Changes in soil organic matter over 70 years in continuous arable and ley–arable rotations on a sandy loam soil in England

A - Papers appearing in refereed journals

Johnston, A. E., Poulton, P. R., Coleman, K., Macdonald, A. J. and White, R. P. 2017. Changes in soil organic matter over 70 years in continuous arable and ley–arable rotations on a sandy loam soil in England. European Journal of Soil Science. 68 (3), pp. 305-316.

AuthorsJohnston, A. E., Poulton, P. R., Coleman, K., Macdonald, A. J. and White, R. P.
Abstract

The sequestration in soil of organic carbon (SOC) derived from atmospheric carbon dioxide (CO2) by replacing arable crops with leys, has been measured over 70 years on a sandy loam soil. The experiment was designed initially to test the effect of leys on the yields of arable crops. A 3‐year grazed grass with clover (grass + clover) ley in a 5‐year rotation with arable crops increased percentage organic carbon (%OC) in the top 25 cm of the soil from 0.98 to 1.23 in 28 years, but with little further increase during the next 40 years with all‐grass leys given fertilizer nitrogen (N). In this second period, OC inputs were balanced by losses, suggesting that about 1.3% OC might be near the equilibrium content for this rotation. Including 3‐year lucerne (Medicago sativa) leys had little effect on %OC over 28 years, but after changing to grass + clover leys, %OC increased to 1.24 during the next 40 years. Eight‐year leys (all grass with N or grass + clover) in 10‐year rotations with arable crops were started in the 1970s, and after three rotations %OC had increased to ca. 1.40 in 2000–2009. Over 70 years, %OC declined from 0.98 to 0.94 in an all‐arable rotation with mainly cereals and to 0.82 with more root crops. Applications of 38 t ha−1 farmyard manure (FYM) every fifth year increased %OC by 0.13% by the mid‐1960s when applications ceased. Soil treated with FYM still contained 0.10% more OC in 2000–2009. Changes in the amount of OC have been modelled with RothC‐26.3 and estimated inputs of C for selected rotations. Little of the OC input during the 70 years has been retained; most was retained in the grazed ley rotation, but 9 t ha−1 only of a total input of 189 t ha−1. In other rotations more than 98% of the total OC input was lost. Despite large losses of C, annual increases in OC of 4‰ are possible on this soil type with the inclusion of grass or grass + clover leys or the application of FYM, but only for a limited period. Such increases in SOC might help to limit increases in atmospheric CO2.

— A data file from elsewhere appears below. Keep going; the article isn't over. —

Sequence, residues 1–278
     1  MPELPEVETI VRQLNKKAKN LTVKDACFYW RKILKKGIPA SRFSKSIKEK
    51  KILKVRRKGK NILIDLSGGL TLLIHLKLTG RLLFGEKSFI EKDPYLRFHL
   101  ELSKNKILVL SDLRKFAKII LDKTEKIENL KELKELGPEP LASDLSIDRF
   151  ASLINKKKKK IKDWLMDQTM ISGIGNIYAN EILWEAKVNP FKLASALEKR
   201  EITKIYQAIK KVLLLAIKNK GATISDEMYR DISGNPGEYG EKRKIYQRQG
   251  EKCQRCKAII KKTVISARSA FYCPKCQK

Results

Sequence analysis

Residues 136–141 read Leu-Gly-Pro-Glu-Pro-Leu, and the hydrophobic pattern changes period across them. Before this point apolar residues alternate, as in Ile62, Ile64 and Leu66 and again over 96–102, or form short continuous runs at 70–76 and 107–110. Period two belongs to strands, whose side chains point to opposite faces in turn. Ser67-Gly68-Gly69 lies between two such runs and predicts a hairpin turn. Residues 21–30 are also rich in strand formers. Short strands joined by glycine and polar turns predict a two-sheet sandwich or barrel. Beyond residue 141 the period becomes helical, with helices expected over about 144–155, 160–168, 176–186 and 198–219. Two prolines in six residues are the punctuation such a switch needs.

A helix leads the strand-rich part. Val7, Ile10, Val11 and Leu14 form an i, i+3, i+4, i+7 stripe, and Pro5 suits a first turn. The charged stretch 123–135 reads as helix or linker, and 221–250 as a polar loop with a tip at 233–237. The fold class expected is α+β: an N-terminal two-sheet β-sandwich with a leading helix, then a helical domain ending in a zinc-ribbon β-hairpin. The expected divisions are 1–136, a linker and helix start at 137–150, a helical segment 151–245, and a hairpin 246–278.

Year of Publication2017
JournalEuropean Journal of Soil Science
Journal citation68 (3), pp. 305-316
Digital Object Identifier (DOI)doi:10.1111/ejss.12415
Open accessPublished as ‘gold’ (paid) open access
FunderBiotechnology and Biological Sciences Research Council
Funder project or codeSustainability
The Rothamsted Long-Term Experiments including Sample Archive and e-RA database [2012-2017]
Optimisation of nutrients in soil-plant systems: How can we control nitrogen cycling in soil?
Publisher's version
Output statusPublished
Publication dates
Online21 Mar 2017
Publication process dates
Accepted16 Jan 2017
Copyright licenseCC BY
PublisherWiley
ISSN1351-0754

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